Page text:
A pioneering North Sea firm that won backing from US billionaire Warren Buffett has underlined the scale of the challenges it is facing following the fall in gas prices since last year.

IOG won £165m support from Mr Buffett’s CalEnergy Resources for its plan to develop North Sea finds that had been left idle for years by other firms.

However, 18 months after staring production from two fields, the company told investors yesterday the fall in gas prices from the highs reached last year amid Russia’s war on Ukraine has left it in a difficult financial position.

IOG is in talks with lenders as the deadline for the end of a grace period given by bondholders looms.

“With H2 production seeing natural decline and realised day-ahead gas prices remaining far below last year’s levels, the Company’s financial position remains challenging,” said chief executive Rupert Newall.

“We continue to engage actively with bondholders and their advisors on this under the current waiver to 29 September.”

Shares in IOG plunged around 35 per cent yesterday after the company provided details of the problems it is facing in an operational and corporate update.

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IOG noted it has suffered an apparent snub from the North Sea regulator as it tries to make the most of the portfolio it has developed. The North Sea Transition Authority has told IOG it is not minded to agree to IOG’s request to extend two licences on which the firm is working.

IOG said the decision could impact the commerciality of a find on another licence.

However, the company said it is continuing with pre-development work on other finds which it reckons have potential.

The company’s progress will be followed with interest in the North Sea industry.

Formerly called Independent Oil and Gas, IOG is one of a band of relatively small independents that decided the North Sea contained opportunities that bigger fish had not recognised.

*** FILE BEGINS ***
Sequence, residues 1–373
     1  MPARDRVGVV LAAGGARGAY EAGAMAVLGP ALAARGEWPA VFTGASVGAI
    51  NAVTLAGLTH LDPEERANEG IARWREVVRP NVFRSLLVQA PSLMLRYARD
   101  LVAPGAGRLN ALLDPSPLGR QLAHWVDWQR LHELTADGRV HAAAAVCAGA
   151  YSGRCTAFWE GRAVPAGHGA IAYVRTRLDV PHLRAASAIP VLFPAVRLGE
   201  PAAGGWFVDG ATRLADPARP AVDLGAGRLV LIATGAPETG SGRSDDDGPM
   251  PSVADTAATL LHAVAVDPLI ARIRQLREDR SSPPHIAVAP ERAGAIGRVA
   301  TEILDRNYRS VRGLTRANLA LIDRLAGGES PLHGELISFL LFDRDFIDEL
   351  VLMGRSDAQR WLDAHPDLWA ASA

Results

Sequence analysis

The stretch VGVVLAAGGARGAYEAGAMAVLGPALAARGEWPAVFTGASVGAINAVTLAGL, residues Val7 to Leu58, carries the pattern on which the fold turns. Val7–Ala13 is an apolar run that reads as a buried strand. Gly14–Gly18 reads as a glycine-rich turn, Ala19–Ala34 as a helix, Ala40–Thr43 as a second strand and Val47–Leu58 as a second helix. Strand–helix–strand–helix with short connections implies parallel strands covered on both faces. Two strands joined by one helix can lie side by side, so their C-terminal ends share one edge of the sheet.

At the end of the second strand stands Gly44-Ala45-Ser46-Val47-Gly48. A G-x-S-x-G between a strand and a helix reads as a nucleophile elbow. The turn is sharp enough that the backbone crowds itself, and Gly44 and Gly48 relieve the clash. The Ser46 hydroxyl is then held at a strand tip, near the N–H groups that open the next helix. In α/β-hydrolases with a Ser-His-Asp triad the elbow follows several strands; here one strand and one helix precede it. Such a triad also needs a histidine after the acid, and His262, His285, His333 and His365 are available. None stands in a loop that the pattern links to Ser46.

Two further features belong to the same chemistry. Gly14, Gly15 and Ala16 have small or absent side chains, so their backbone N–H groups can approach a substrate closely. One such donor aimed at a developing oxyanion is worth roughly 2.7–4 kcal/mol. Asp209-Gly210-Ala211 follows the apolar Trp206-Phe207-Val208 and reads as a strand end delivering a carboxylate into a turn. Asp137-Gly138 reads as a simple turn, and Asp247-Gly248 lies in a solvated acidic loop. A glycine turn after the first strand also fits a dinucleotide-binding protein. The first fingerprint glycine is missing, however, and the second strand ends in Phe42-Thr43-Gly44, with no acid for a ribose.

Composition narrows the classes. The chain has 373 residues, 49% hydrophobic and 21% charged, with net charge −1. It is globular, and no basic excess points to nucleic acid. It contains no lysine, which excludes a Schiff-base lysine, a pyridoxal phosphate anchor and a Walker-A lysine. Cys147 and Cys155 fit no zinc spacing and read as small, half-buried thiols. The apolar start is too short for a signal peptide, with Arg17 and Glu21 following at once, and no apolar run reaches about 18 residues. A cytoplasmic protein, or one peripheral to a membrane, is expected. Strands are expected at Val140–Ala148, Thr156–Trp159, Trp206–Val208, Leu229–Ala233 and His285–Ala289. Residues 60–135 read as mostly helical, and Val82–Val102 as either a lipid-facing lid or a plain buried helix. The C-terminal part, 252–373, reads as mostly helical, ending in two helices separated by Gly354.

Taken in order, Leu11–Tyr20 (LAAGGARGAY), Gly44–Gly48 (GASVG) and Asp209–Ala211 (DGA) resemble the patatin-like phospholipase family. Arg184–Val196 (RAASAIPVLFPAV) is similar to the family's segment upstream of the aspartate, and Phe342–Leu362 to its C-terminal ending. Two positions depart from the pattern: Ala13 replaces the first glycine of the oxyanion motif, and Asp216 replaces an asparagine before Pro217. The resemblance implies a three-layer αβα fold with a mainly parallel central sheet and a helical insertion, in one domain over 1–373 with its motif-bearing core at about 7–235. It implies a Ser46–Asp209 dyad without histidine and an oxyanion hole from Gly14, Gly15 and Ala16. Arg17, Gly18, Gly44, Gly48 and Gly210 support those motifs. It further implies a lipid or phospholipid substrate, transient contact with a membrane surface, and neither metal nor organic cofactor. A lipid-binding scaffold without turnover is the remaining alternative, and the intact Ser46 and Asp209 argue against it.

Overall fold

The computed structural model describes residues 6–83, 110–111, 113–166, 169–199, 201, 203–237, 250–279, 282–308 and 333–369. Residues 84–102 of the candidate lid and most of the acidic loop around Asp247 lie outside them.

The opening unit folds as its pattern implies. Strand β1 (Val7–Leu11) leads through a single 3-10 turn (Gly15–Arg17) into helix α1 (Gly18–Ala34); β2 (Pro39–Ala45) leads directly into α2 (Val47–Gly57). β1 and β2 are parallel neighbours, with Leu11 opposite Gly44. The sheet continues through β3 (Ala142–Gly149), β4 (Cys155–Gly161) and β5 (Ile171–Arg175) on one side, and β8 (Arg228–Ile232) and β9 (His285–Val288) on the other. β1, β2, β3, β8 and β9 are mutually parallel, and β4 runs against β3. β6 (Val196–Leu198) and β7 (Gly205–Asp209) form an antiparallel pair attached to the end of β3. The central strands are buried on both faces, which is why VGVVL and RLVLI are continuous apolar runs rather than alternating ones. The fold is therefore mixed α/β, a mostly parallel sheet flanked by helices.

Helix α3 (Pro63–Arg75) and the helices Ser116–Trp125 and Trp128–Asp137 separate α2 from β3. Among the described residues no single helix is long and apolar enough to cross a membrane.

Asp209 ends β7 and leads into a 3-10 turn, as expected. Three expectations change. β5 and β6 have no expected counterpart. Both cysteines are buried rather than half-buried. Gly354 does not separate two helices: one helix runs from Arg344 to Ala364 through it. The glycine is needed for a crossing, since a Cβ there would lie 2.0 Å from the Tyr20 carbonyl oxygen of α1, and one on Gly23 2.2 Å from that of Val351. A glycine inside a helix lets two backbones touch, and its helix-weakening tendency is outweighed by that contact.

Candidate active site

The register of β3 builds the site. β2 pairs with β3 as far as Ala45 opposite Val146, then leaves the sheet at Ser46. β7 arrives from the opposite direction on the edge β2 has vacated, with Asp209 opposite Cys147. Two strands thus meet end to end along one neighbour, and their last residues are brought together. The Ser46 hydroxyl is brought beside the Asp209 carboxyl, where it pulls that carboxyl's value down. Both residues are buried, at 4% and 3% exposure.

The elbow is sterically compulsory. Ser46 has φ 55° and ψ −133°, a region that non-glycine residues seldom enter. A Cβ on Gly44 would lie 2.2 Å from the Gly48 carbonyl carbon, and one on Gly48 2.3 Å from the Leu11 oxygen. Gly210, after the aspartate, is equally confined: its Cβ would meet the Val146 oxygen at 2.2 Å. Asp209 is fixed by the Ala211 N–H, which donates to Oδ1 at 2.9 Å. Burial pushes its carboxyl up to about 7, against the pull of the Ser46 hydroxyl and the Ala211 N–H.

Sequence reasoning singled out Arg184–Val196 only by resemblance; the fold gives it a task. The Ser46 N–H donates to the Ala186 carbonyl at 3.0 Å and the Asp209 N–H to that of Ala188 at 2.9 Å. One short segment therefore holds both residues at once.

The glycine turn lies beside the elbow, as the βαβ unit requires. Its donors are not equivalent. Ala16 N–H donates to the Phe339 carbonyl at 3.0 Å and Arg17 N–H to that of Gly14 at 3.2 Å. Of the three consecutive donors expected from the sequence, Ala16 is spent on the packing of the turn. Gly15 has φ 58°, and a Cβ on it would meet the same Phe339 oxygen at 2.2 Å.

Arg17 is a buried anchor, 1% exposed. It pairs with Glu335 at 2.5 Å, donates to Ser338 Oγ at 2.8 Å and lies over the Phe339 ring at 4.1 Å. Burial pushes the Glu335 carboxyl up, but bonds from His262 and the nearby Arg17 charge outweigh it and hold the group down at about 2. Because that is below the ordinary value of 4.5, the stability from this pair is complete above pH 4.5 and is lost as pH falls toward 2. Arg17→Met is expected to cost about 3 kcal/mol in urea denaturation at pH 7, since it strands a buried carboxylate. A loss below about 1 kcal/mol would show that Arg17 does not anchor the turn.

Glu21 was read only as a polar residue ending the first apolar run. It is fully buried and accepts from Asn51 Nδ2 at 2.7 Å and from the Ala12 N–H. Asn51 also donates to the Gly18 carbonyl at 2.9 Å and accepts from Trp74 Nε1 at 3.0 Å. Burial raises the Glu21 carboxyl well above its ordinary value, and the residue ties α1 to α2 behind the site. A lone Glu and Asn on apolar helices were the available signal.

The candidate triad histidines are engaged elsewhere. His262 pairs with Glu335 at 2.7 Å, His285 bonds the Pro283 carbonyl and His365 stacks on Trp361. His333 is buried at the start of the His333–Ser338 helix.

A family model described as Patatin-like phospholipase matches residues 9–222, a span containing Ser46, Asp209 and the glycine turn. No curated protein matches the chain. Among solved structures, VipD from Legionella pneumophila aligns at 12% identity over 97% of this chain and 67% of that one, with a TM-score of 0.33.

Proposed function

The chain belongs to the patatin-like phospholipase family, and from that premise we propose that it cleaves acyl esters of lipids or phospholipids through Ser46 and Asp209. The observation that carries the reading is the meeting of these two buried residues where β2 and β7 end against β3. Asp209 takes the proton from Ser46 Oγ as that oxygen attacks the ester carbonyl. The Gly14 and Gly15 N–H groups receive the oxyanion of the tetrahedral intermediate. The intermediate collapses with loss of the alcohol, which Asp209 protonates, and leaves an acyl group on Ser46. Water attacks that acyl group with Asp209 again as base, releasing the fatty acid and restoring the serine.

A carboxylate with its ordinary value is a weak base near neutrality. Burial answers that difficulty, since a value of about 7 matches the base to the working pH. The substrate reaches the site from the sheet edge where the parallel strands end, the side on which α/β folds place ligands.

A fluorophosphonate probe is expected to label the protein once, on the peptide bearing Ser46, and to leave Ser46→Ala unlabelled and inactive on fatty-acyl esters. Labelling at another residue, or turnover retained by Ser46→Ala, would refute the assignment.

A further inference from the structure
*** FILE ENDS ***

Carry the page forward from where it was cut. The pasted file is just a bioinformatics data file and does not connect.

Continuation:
The company’s plan to develop finds that others had not invested in chimed with the regulator’s desire to maximise the recovery of the North Sea’s resources.

It planned to utilise pipeline infrastructure that had fallen into disuse.

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IOG achieved a significant coup when CalEnergy Resources decided to buy into its acreage in 2019. Industry players were grappling with the fallout from the long downturn that started after oil and gas prices slumped in 2014 after growth in production ran ahead of demand.

IOG appeared to have been vindicated when it started production from the Blythe and Elgood fields in March last year in time to benefit from the surge in gas prices fuelled by Russia’s war on Ukraine.

However, conditions deteriorated within months.

In June IOG said prices had fallen by 85 per cent since August last year. The fall reflected the impact of a relatively mild winter, efforts by European countries to reduce reliance on Russian gas and concerns about the outlook for the global economy.

IOG’s efforts to develop the Southwark field have been complicated by operational challenges.

Industry champions have warned that the introduction of the windfall tax on North Sea firms last year has made the sector less attractive to investors.

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Mr Newall took charge after Andrew Hockey stood down as chief executive in October last year after nearly five years in charge.

In August IOG obtained approval from bondholders for some terms applying to $100m borrowing to be waived.

Shares in IOG closed down 0.61p, at 1.08p, leaving the firm with a market capitalisation of around £5.7m.

The shares sold for 27p in September last year.